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MANAGEMENT UPDATE.

ENERGIZING INTERGENERATIONAL MOBILITY 


Results for America, a non-profit organization that helps government leaders use evidence and data to find solutions to many of society’s ills – recently issued an updated case study about the progress a program in Charlotte has made to improve upward mobility for its children.


The findings were inspirational about the power of government, in collaboration with philanthropic organizations, universities and the private sector, to achieve results.


Just about a decade ago in a study about intergenerational mobility of America’s 50 biggest cities, Charlotte came in dead last. The study found that in that city, “the probability that a child reaches the top quintile of the national income distribution starting from a family in the bottom quintile is 4.4%”.


Following the study, a task force created by Charlotte’s mayor and a Mecklenburg county commissioner spent 18 months analyzing potential policy solutions, zeroing in on college and career preparedness, which is highly linked to intergenerational mobility. To build “career-connected pathways” it focused on post-secondary education and building internships.


Then, in 2019, a Boston nonprofit expanded to Charlotte, providing its Year Up program which, according to the case study, “operates tuition-free and provides its mostly low-income participants with six months of sector-specific technical coursework followed by a six-month internship, with the goal of transitioning them into full-time roles.”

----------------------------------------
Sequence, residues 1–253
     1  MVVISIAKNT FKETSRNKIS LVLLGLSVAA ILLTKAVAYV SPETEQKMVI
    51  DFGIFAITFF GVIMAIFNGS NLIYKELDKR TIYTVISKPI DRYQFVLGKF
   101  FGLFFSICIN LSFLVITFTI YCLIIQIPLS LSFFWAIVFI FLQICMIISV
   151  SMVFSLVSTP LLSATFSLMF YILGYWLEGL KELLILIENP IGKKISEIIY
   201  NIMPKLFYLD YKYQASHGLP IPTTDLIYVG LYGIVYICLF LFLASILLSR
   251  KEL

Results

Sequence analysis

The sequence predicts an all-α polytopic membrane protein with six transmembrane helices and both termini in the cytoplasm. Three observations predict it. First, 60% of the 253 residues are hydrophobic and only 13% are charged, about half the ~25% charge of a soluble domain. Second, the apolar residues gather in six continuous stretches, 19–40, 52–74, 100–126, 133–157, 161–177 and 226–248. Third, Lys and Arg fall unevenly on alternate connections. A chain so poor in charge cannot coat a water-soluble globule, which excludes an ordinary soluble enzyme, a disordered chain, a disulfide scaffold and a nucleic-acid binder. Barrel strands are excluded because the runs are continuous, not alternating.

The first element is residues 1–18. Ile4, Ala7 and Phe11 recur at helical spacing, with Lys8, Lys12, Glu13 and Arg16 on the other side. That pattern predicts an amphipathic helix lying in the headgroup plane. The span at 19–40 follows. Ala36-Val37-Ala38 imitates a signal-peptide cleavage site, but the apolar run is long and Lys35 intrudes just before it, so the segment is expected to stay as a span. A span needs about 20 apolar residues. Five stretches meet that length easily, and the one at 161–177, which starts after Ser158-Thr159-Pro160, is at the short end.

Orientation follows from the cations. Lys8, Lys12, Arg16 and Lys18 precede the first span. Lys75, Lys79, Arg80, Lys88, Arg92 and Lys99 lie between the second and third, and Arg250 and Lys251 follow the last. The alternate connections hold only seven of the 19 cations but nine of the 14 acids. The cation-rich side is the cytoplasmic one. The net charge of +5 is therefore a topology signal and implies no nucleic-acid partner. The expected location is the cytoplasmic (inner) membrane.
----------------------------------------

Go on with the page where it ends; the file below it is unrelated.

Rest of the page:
As the case study explains, “On a per-participant basis, the “Year Up” model is among the most expensive job training programs for young adults. (However, the majority of these costs are covered by area employers, and little public money is typically needed to operate Year Up sites.) 


Key components of the program, according to Results for America are: 


  • Providing a seamless pathway to employment through internship opportunities, support services and job placement services.

  • Setting high levels of expectation including a contract participants must sign agreeing to “adhere to a set of professional standards.”

  • Providing certification for Year Up Students, to ensure that they have a formal credential that can be used to demonstrate technical expertise. 

  • Giving college credits toward an associate degree at Central Piedmont Community College. 

  • Working closely with employers in the area, not only by providing internship opportunities but also contributing the bulk of the program’s cost through payments to interns.


Through the beginning of 2024, Year Up Charlotte has worked with about 850 young adults and the results speak for themselves. In fact, according to the case study “Alumni of Year Up Charlotte earn an average starting salary of $60,382. More than half of those graduates were earning $25,000 or less prior to enrollment, meaning that Year Up helped many students double their incomes in the short term while also significantly increasing their earning potential over the long term.”


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